Coillte's 10 Thinning Tips
Below is a list of ten thinning tips that are necessary to know before carrying out any successful thinning operation:
1. Is your plantation suitable for thinning? Some crops should not be thinned for different reasons. If your plantation is twelve years old it maybe due a first thinning. Do not put this decision on the long finger as there is often only a 3 year window where a first thinning can take place on good Sitka spruce sites. A delayed thinning can result in your crop becoming unstable. Get professional advice when your crop is approaching 12 years of age.
2. Inspection paths enable your forestry advisor to assess your crop and provides access for potential customers. Ensure that your inspections paths allow adequate access to your plantation.
3. You need to establish how well your crop is performing to enable you to put a management plan in place. This management plan is also required as part of the felling licence application process. So if your crop is suitable for thinning, it is important that you develop a management plan for your crop and apply for a General Felling Licence.
4. Do you have adequate access to stack and load your timber? You cannot load or stack timber on the side of a county road. If your site requires a loading bay and a forest road, there are grants available from the Forest Service to help you finance this infrastructure. A well constructed forest road will service your forest for all your thinning operations and your clearfell. Our advice is to employ a reputable engineer with experience in building forest roads and to compete the job to the required standard.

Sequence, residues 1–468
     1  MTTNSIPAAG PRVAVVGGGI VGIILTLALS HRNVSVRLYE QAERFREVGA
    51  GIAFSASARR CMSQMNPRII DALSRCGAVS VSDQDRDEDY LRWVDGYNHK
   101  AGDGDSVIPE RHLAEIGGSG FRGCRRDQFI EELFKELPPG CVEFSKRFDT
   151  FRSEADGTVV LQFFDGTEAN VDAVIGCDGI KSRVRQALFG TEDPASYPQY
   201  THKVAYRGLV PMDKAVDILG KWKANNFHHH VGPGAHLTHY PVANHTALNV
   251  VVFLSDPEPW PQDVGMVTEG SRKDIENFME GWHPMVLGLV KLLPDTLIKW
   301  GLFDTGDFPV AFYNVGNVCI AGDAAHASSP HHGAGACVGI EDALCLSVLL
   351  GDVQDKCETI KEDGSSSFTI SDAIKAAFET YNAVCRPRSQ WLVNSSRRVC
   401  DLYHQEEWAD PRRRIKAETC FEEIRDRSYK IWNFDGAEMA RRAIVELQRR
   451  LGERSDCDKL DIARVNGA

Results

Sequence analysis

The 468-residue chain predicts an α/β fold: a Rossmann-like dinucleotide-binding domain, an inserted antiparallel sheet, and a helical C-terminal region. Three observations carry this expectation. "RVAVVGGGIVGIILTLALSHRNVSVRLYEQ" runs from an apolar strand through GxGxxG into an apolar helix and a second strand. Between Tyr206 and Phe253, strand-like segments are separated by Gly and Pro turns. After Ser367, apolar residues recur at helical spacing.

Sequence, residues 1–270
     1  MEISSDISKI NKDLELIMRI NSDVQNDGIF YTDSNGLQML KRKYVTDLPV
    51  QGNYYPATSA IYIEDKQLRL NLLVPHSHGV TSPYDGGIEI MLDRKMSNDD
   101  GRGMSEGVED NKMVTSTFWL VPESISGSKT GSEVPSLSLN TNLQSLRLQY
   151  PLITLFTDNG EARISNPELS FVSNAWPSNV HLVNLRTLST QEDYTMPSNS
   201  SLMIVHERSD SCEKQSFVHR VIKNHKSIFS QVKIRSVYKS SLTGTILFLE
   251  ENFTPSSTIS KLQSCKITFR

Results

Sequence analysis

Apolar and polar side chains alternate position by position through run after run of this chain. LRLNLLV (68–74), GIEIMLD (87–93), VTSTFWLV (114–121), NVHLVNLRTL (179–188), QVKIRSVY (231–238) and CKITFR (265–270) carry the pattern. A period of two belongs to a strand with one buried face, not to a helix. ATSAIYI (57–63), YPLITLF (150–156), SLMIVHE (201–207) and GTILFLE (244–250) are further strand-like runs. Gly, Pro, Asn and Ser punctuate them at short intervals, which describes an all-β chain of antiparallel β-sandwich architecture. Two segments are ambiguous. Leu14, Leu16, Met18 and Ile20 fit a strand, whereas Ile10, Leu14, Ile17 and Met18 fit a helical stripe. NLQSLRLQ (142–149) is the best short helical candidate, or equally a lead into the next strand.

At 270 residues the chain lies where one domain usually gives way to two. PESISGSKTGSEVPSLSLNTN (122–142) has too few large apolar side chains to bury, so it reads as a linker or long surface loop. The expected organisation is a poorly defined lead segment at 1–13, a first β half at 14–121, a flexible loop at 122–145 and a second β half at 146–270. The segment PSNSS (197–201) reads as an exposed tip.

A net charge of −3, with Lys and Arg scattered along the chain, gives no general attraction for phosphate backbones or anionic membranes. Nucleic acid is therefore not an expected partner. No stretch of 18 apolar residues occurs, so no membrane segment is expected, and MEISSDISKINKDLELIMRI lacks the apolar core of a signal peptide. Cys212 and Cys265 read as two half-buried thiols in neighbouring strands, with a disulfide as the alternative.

5. Crops can be damaged by contractors using unsuitable heavy harvesting machines. My advice is only employ harvesting operators that have i) suitable thinning machinery for the operation and ii) operators that are skilled in selectively thinning your crop.
6. It is imperative that your crop is not over thinned. This practice will have serious repercussions for subsequent thinnings clearfell and ultimately your bottom line. My advice is to be sure your harvesting operator does not remove the larger trees during a first thinning in order to offer you the owner a higher price per cubic meter.
7. Your operator must adhere to the Health and Safety regulations relating to forestry and should have insurance cover to indemnify you in the event of an accident. Make sure that you and your contractor are fully covered in the event of an accident taking place on your site.
8. Harvesting operations are expensive. A typical first thinning can cost in excess of €1,250 per hectare to harvest and extract the timber to roadside. An average first thinning site will contain pulp, stake and pallet. Ensure you have a market for each product before the harvesting operation commences.
9. It is vital that you get paid for all your timber and that it is not left for long periods to dry out (reduces in weight). Where timber is sold on a weight only basis, it is in your interest to have it removed as soon as possible after harvesting. My advice is that you agree a final removal date for all timber with your customer and that where possible all timber is paid for using a weight volume factor.
10. Following the thinning operation inspect your plantation. Post thinning ensure that all blocked drains are cleaned and that your site is secured to prevent trespass.